It’s tempting to view technology tools that connect the “unconnected” as the panacea for what Micah Sifry calls the top-down style of the Democratic Party or MoveOn, but transparency and accountability aren’t the only requirements for a more engaged democracy. Sifry’s “The Rise of Open-Source Politics” [Nov. 22] visualizes a wickedly attractive, “Net-centric” democracy spawned fully grown from the brain of the Internet. It offers a “frictionless” (read, cheap) organizing model where “ordinary voters” participate equally with the mighty. This view of personal democracy (sometimes known as self-organizing) is all the rage these days. It’s also a Rorschach for progressives. Where Sifry sees a growing community of ordinary voters, we see yet another middle-class movement claiming to speak for all.

While the Internet is many things, it is not the easy way out for progressive organizing. The organizing that succeeds at making a difference is local, face to face and has a long-term commitment to systemic change. Terrific community-led grassroots organizing is going on. A prime example: In South Central Los Angeles Karen Bass, formerly of Community Coalition, was elected with the assistance of voter turnout work from CC, AGENDA and unions HERE and SEIU. These groups have turned their street smarts to using technology and the Internet–but they don’t confuse that with actual democracy. That’s still in the streets and the voting booth.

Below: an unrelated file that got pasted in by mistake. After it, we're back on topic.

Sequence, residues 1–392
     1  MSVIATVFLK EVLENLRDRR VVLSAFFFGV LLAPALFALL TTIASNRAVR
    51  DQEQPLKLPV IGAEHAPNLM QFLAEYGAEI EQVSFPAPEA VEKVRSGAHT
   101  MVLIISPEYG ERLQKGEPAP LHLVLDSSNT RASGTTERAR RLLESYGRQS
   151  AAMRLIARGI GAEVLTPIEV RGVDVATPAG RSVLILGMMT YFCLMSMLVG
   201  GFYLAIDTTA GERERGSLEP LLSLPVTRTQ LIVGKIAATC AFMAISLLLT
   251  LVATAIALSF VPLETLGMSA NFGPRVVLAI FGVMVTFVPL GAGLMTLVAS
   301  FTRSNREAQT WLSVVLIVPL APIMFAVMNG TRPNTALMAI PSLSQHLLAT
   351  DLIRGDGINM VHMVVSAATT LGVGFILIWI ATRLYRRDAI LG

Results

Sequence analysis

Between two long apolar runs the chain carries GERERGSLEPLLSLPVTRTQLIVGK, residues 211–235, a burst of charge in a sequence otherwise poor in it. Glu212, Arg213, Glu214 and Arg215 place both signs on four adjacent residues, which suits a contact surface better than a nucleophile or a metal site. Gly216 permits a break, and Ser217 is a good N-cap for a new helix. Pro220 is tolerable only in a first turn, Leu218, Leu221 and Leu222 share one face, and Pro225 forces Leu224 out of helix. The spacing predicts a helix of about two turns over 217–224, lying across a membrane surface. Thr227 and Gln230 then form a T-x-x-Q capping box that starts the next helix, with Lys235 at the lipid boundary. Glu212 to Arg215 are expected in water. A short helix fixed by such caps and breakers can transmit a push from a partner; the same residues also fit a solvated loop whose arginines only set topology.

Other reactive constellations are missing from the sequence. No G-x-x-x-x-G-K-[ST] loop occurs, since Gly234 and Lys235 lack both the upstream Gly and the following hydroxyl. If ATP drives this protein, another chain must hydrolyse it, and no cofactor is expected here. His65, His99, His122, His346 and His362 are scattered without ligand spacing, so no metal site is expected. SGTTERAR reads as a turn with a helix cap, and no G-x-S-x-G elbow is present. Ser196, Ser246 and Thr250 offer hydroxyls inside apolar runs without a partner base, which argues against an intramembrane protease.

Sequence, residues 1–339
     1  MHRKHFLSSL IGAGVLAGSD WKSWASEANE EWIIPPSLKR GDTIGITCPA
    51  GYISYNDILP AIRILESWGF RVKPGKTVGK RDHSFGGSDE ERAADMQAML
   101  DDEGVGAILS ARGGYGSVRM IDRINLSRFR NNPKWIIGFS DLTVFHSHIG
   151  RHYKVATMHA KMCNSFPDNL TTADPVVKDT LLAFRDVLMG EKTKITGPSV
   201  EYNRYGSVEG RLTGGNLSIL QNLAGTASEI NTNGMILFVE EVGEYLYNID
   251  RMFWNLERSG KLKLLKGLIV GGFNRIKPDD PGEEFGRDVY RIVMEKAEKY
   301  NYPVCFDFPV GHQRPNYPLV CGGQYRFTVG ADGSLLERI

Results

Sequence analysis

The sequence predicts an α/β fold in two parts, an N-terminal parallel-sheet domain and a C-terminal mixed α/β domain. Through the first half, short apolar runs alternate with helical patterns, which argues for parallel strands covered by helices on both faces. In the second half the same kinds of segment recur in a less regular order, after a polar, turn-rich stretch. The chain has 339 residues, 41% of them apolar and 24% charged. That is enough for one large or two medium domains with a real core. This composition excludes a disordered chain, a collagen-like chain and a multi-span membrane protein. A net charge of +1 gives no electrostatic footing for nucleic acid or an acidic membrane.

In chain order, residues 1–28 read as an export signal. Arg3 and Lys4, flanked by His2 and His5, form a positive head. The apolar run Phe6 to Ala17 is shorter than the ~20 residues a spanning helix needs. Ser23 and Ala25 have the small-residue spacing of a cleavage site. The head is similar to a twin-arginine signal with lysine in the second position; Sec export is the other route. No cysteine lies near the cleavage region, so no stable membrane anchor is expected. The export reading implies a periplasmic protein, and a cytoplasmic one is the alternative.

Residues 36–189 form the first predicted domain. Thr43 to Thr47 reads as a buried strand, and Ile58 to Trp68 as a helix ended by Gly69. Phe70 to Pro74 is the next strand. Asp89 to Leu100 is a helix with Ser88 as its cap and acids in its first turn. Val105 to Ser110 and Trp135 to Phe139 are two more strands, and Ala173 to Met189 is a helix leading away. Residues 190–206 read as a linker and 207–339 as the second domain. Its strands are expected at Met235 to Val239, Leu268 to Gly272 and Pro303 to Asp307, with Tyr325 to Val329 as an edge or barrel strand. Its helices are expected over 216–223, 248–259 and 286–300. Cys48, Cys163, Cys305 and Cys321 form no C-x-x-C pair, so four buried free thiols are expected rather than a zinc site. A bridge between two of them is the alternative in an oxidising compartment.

Progressive Technology Project


Micah Sifry’s optimism about the power of the Internet to democratize progressive politics is undercut by his own excellent survey of the election. He accurately characterizes MoveOn as “top-down” and giving its members “little ability to talk to each other directly”; the Democratic Party as interested in the Internet mostly for fundraising; and Internet users as white middle- and upper-income professionals. Indeed, the MoveOn meetings I attended here in Tucson were overwhelmingly white, despite our large Latino population.